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Genetically modified wheat could be grown in Britain from next spring

Nov 10, 2016

“By 2050 there will be 34 per cent more people on the planet and we can’t just sit back and assume all will be well. We really do have an impending major food shortage crisis across the globe.

Genetically modified wheat could be grown in Britain from next spring after scientists applied to the Department for the Environment for permission to begin trials which could boost grain yields by up to 40 per cent, in a ‘world's first’ experiment.

Researchers at the universities of Essex, Lancaster and Rothamsted Research have proven that it is possible to engineer wheat plants so they photosynthesise more efficiently, and so produce bigger grains.

Greenhouse tests have already shown it is possible to grow GM plants which have yields which are up to 40 per cent higher than usual crops, but now scientists are keen to find out whether the same effect can be achieved in the field.

If successful it would mark a ‘step change’ in wheat production and silence the critics who claim genetic modification will never increase yields following 20 years of failed attempts.

Even though the US has been using genetically modified versions of corn, rapeseed and sugar beet for some time, a recent report by the National Academy of Sciences from there was little evidence to suggest GM yields had increased more than natural varieties.

However British scientists believe they have cracked the problem by genetically altering wheat so it produces higher levels of an enzyme which is crucial for turning sunlight and carbon dioxide into plant fuel.

Professor Christine Raines, Head of the School of Biological Sciences at the University of Essex, said: “This is the first time that GM wheat has been put into the field targeted at increasing its yield.

“Scientifically we have the potential to produce wheat plants which deliver a significantly increased yields. It could mark a step change in wheat production.

“By 2050 there will be 34 per cent more people on the planet and we can’t just sit back and assume all will be well. We really do have an impending major food shortage crisis across the globe.

Scientists submitted an application to Defra this week and a public consultation of around six weeks has now begun. If granted the first small trial of around will begin at Rothamsted’s secure GM field in Harpenden, Hertfordshire in April. Plants will be harvested the following autumn before a second phase will take place in the spring of 2018.

 Dr Malcolm Hawkesford, Head of Plant Biology and Crop Science Department at Rothamsted, said: “We can increase yields in crops in a greenhouse and now we would like to test it if will work in the field.

“If we are granted permission to perform a controlled experiment it will be a significant step forward.”

Wheat is one of the three main stable crops grown worldwide, alongside maize and rice. But if farming is to keep up with predicted population increases, yields would need to increase by 70 per cent by 2050. Although plant breeding and better fertilisers have steadily increased yields, scientists believe wheat has now reached the limit of what can be achieved naturally.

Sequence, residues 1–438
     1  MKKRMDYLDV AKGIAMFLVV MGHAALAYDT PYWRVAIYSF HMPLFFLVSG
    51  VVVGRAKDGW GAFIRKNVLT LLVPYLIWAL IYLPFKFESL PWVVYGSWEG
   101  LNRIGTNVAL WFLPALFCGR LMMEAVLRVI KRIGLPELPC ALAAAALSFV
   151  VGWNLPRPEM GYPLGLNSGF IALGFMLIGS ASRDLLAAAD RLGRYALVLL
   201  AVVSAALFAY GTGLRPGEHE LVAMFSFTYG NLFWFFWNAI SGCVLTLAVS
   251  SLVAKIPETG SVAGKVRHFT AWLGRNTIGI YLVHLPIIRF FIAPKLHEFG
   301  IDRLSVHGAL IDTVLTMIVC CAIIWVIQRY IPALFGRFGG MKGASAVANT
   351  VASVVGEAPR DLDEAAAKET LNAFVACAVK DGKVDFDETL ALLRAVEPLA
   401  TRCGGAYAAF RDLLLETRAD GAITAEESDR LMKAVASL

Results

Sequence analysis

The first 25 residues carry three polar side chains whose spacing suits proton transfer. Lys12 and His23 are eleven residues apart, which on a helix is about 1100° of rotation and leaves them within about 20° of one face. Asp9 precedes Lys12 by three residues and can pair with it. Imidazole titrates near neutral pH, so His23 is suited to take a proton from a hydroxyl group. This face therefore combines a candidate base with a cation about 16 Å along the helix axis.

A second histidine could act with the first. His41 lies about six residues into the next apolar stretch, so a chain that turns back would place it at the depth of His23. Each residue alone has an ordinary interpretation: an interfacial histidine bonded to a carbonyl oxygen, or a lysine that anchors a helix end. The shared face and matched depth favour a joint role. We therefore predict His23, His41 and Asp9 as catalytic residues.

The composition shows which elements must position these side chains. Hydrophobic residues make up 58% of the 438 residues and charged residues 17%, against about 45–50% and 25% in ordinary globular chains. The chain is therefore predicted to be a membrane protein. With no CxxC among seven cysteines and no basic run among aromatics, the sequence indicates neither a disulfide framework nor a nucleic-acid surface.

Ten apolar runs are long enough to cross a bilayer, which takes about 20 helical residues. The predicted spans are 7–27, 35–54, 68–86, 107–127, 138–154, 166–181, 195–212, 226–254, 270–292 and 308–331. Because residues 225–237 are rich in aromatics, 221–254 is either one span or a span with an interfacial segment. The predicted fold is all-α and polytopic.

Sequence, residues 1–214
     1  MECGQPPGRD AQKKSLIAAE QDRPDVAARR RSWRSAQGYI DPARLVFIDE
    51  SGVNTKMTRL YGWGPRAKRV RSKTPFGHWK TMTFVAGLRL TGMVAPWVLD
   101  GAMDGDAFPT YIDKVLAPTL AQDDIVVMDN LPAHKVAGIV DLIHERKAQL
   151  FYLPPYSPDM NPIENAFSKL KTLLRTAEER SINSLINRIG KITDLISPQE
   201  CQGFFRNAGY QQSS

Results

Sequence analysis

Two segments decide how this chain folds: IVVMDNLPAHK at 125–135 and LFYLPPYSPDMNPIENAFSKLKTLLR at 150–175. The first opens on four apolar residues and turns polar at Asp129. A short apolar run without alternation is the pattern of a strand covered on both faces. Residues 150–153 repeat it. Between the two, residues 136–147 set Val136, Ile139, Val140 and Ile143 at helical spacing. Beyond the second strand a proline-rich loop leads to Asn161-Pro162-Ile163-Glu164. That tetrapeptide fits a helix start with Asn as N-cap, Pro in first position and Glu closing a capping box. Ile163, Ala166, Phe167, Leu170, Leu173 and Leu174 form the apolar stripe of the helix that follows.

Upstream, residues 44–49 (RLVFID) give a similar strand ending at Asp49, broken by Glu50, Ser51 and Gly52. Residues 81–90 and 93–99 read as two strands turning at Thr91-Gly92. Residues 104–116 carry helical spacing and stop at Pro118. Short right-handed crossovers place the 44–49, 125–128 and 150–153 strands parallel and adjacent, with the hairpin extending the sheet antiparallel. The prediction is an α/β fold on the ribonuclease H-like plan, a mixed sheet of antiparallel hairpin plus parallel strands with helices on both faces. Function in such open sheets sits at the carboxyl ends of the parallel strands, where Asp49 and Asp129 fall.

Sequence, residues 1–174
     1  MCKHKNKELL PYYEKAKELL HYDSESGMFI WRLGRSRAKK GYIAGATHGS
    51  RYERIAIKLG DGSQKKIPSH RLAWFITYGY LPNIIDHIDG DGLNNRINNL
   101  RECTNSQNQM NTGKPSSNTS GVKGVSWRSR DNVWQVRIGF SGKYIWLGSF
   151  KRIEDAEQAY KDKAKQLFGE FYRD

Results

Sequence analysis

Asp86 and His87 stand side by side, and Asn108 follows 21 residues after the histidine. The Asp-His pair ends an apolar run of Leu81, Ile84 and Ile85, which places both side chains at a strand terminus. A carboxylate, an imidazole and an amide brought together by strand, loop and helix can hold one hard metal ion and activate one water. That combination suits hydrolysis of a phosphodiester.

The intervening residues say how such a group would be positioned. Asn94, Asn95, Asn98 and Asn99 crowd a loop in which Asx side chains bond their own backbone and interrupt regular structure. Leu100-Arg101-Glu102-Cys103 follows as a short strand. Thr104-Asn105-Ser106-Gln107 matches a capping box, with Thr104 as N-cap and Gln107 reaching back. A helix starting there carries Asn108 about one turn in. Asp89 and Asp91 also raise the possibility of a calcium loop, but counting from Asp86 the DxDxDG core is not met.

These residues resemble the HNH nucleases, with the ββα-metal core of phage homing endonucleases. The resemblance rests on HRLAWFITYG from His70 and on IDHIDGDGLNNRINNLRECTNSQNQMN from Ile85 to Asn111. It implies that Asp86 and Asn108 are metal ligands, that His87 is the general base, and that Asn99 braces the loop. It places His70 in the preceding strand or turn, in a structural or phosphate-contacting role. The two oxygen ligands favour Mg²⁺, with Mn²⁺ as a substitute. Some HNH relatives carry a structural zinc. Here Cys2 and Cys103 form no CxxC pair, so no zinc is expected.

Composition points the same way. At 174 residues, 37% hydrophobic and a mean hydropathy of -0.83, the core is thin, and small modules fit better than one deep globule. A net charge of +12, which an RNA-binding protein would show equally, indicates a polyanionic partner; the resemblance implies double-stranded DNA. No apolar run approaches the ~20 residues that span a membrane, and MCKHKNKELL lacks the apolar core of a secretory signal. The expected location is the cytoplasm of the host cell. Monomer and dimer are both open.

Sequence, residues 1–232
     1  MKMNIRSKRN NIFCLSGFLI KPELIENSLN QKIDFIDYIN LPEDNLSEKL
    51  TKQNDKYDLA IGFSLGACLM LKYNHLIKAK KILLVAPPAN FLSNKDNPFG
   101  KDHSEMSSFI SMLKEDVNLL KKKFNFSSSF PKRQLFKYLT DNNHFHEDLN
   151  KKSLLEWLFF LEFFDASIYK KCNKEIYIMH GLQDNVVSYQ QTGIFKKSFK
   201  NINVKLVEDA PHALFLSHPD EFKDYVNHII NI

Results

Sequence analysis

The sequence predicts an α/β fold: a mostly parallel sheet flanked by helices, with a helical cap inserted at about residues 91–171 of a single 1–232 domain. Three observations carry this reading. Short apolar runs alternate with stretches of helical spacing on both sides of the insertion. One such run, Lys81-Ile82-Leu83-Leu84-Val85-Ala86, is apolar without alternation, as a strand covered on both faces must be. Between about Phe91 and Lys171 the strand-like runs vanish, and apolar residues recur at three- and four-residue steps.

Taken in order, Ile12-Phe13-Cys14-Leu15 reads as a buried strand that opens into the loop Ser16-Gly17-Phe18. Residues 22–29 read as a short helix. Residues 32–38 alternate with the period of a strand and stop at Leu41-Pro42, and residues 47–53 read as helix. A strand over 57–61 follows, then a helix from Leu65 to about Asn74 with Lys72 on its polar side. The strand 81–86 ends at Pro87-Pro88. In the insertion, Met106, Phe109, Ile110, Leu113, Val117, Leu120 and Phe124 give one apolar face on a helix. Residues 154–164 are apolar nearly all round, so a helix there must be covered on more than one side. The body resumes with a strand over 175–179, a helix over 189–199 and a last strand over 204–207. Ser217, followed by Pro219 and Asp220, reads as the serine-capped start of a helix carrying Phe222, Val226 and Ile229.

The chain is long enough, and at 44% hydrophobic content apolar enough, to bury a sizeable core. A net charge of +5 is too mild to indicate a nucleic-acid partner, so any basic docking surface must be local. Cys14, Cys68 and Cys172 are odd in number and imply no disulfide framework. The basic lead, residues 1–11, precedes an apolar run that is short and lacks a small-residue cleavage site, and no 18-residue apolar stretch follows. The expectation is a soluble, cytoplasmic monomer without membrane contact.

The new technique involves taking a wheat seed, slicing it in half and then bombarding it with gold particles which carry genes which code for SBPase – an enzyme which is crucial for converting energy from sunlight and carbon dioxide.  One field experiment will add two genes, while another will add six genes.

However the experiment was criticised by campaigners who claimed consumers did not want genetically modified food.

Peter Melchett, policy director for the Soil Association said: “First of all on wheat we know there is no demand for GM – even in the US, and certainly not in Europe or the UK.

“GM wheat has been available in the US for over 15 years but never commercialised because of strong opposition in the marketplace, from who buy wheat particularly for bread. We think this work on GM wheat is irrelevant to actual farmers.”

Liz O’Neill, Director of GM Freeze said that there was already enough food in the world but it did not get to those who need it most.

“Rothamsted’s researchers have totally missed the point – why do we want to grow more wheat in the first place,” she said.

“World food production already far exceeds the needs of generations to come but people still go hungry. Techno-fixes like GM wheat won’t change that because they don’t address the real problems.

“GM is a bogus solution sucking up funding that could make a real difference if it was spent on waste reduction and poverty eradication.”

Recent trials at Rothamsted to genetically modify wheat to make it more resistant to aphids failed during field trials.

Defra confirmed it had received the application and will respond within the 90 day time limit.

Source: The Telegraph
Sarah Knapton, Science Editor